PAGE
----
Different Types of Real Estate Financing & Investing Strategies

Following are some ways once can finance the purchase of real estate.

Conventional loan (mortgage)

Most people who buy real estate get a conventional loan and pay a mortgage for 30 years. They typically put a 20% down payment. Most banks, however, don’t want anything to do with a high-risk property that needs work. So to qualify for a conventional loan from a bank, a buyer / investor will first need to get the property up to a living standard.

Private lender

Private lenders are simply individuals, not businesses, who are willing to loan you money, e.g. family and friends. Sometimes, parents may gift their kids the down payment required to purchase a property but behind the scenes, make an agreement so that the kids pay back the money over a period of time. This is necessary since banks / lenders most likely would not allow the borrower to have multiple loans. Borrowing money in this way is easy because it doesn’t involve credit checks, appraisals, underwriting, etc.

Hard money lender

Hard money lenders are companies or funds that will loan you the money for a fee (interest). This process requires credit checks and includes underwriters who also determine the property’s value. Hard money lenders charge higher interest rates and the loans are for a much shorter period of time. The average is 6 months. Unlike private lenders, who often just trust that you’re making a good investment, hard money lenders will double check that your investment is reasonably sound since otherwise, they could lose money if you default.

House hack

House hacking is buying a property and renting a portion of it out to cover your expenses. You could be a 3 bedroom house and rent out 2 of the bedrooms. Or, you could buy a multifamily property (duplex, triplex, etc), and rent out the other units. In doing this, you significantly reduce your monthly expenses because you’ll have tenants paying for a big portion of your mortgage / loan.

Home equity loan

If you already own a home and have equity in it, then you could borrow money against it.

  • You borrow money against equity in your existing home
  • The interest rate is typically fixed
  • If you still have a mortgage, a home equity loan would be a second mortgage behind your first mortgage
  • You get the entire amount of the loan at once upon closing


HELOC stands for Home Equity Line of Credit. If you already own a home and have equity in it, then you could borrow money against it.

  • You borrow money against equity in your existing home
  • The interest rate is variable and tied to prime
  • If you still have a mortgage, a home equity loan would be a second mortgage behind your first mortgage
  • You get to draw money from the line of credit multiple times (like a credit card)


If you have a mortgage on your home, you can refinance the loan to replace it with another one. You typically do this if interest rates have dropped thereby lowering your monthly mortgage payments.

Cash-out refinance

This is like a regular refinance except you also get cash from the equity in your home. You could then use that cash to pay for purchasing another property, for example. The maximum cash you can get is 80% of the value of the home.


To flip real estate means to buy a fixer upper, renovate it, then turn around and sell it for a profit. houses. Can be mobile homes, single family, multifamily, etc.

Add Square Footage

Residential real estate (including multi-family properties with 4 or less units) is often valued by square footage. One strategy to increase the value of a property is by enlarging it, e.g. by adding bedrooms. If you know how to do this cost effectively, e.g. if you know how to do some or all of it yourself, you can add value and sell the property for a profit. Of course, this will depend a lot on where you live. For example, if you live in the Bay Area where the cost per square foot is very high, adding an addition to an existing property could be worth it.

BRRR method

BRRRR stands for “buy, rehab, rent, refinance, repeat.” With this real estate investment lifecycle, you could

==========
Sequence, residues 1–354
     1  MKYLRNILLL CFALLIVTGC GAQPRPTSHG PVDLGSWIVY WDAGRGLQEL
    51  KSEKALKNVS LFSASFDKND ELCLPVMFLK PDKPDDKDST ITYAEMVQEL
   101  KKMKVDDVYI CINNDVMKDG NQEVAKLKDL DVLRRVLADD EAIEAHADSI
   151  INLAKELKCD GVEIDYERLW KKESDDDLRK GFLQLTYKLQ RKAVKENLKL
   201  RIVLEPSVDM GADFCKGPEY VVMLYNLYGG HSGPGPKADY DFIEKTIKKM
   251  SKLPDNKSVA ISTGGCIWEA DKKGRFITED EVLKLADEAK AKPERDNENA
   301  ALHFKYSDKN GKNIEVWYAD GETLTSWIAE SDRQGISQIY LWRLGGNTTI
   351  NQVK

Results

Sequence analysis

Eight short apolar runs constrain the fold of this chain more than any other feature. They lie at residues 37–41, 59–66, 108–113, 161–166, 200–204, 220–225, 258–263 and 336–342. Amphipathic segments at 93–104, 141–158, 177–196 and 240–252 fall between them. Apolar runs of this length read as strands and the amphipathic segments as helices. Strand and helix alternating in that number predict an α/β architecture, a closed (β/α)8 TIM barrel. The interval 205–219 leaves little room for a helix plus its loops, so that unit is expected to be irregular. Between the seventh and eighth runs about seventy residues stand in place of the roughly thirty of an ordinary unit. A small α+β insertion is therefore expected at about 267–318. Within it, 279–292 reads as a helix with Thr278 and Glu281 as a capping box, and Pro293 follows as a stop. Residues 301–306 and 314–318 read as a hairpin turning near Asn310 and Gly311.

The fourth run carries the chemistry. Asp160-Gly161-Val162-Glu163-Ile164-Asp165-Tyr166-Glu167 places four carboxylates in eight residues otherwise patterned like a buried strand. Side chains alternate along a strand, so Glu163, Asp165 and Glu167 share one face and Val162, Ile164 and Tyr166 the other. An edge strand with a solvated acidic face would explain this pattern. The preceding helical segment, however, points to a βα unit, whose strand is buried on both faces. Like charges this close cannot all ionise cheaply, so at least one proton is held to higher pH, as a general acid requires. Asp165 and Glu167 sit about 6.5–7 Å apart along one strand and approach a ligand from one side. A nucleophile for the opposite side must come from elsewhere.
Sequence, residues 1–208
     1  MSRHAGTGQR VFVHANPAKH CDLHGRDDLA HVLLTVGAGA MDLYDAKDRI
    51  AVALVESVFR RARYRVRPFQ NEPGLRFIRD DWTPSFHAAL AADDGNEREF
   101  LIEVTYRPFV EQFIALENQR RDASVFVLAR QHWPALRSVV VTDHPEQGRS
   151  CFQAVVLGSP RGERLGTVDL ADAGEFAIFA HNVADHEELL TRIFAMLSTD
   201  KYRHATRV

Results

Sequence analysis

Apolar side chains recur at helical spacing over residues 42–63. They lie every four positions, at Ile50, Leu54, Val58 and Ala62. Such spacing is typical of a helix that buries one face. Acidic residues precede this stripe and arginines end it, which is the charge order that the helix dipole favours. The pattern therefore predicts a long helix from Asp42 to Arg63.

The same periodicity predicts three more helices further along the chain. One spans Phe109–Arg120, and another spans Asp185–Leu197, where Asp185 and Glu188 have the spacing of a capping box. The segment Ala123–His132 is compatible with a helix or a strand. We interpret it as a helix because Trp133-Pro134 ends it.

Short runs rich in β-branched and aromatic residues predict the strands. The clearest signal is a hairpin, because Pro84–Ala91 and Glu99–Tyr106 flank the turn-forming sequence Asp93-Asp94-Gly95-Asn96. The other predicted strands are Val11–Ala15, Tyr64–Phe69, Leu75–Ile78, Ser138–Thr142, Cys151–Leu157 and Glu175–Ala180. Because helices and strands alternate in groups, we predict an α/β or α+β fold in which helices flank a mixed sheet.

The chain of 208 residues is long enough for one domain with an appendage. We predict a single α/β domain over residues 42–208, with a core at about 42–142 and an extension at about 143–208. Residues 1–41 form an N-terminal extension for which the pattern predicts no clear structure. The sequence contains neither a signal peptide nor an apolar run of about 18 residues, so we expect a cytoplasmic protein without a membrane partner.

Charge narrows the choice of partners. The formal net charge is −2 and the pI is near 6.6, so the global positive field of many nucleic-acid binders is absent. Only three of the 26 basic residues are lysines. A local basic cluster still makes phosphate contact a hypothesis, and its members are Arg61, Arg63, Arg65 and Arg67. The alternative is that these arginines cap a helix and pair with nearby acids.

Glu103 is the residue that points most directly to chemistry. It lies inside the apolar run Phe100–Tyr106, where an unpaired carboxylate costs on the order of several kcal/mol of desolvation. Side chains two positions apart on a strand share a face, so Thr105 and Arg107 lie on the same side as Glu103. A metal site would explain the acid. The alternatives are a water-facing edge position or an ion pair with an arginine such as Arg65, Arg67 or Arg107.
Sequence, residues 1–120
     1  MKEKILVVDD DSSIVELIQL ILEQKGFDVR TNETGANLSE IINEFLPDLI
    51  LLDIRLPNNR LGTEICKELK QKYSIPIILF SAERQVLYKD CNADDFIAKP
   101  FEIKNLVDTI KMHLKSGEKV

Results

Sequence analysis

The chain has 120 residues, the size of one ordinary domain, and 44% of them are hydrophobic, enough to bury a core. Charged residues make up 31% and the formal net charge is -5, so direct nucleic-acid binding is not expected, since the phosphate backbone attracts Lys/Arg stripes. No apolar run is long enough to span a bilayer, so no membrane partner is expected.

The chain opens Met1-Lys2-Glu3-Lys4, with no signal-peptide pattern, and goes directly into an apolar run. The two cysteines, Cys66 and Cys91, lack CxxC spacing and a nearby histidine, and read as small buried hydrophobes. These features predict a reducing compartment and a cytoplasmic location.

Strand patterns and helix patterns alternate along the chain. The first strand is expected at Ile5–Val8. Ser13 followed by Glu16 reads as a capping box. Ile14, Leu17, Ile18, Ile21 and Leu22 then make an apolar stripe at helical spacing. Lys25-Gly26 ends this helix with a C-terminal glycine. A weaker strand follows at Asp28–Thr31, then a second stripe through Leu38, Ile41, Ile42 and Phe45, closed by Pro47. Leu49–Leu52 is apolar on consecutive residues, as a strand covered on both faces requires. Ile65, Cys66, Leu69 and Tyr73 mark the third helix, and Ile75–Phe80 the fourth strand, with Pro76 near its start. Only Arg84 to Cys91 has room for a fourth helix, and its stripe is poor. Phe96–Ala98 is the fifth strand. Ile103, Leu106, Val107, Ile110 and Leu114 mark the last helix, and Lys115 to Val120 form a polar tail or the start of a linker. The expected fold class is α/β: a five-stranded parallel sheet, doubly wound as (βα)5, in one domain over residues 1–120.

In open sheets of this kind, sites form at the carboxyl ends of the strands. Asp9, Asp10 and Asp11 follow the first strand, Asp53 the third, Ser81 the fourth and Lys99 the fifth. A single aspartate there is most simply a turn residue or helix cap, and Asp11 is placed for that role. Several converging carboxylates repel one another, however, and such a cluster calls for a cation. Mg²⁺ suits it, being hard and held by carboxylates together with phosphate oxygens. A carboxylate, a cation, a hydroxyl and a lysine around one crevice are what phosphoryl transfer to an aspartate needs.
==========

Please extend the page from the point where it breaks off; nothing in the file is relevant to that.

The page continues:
1. buy a property (whether using a conventional loan from a bank, HELOC, private loan or a hard money loan)
  2. rehab the property to increase it’s value (like fixing up a fixer upper)
  3. rent out the property. Banks rarely want to refinance a property that isn’t occupied, so renting your house comes first.
  4. refinance the property. This is actually a cash-out refinance using a conventional loan from a bank and get cash back. In this step, you would expect the property to appraise for much more than your purchase price because you rehabbed the place. The bank would require an appraisal. Once the appraisal is done, you could get 20% of the appraised value in cash and finance the remaining 80%. You may want to get pre-approved for the AVR before buying the property to ensure you will be able to refinance the property when the time comes.
    • Waiting for seasoning
      Many conventional and portfolio lenders require properties to “season” first. Seasoning means you’ll need to wait between six and 12 months before refinancing. If you’re using a private or hard money lender, it’s imperative to calculate exactly how much this period of time will cost you.
  5. repeat. Using the cash you got from step 4, you would use it towards buying another property so you could repeat the entire process all over again

The key to the success of the BRRRR method is to

  1. buy properties under market value
  2. never investing more than 75% of the property’s after-repair value (ARV)
  3. ensure that you can rent the property at a rate that will cover your expenses by looking a rental comps

Let’s say that you find a property that is in disrepair. It’s been on the market for a while because no one wants to fix it up. You determine that the repairs are mostly or all cosmetic and not structural (e.g. foundation, etc). You estimate the value of the property after you repair it to be $500K based on nearby comparables, Zillow Zestimates, etc. You also estimate it would cost you $60K to fix it up. Therefore, based on the following equation

purchase price + rehab costs = 75% x ARV

you determine that you should purchase the property for no more than

purchase price = 75% x $500K – $60K = $327,500

The reason for targeting 75% of the ARV is to give you a buffer in case your rehab costs are higher than you estimated.

Assuming your borrowed money from a hard money lender to purchase the property at $327,500 and then you refinance it at $500K while cashing out 75% ($375,000), you could turn around pay off the hard money lender and even have some money left over ($47,500).

Following are some things that don’t typically add value for a rental

  • Granite countertops
  • Brazilian hardwood floors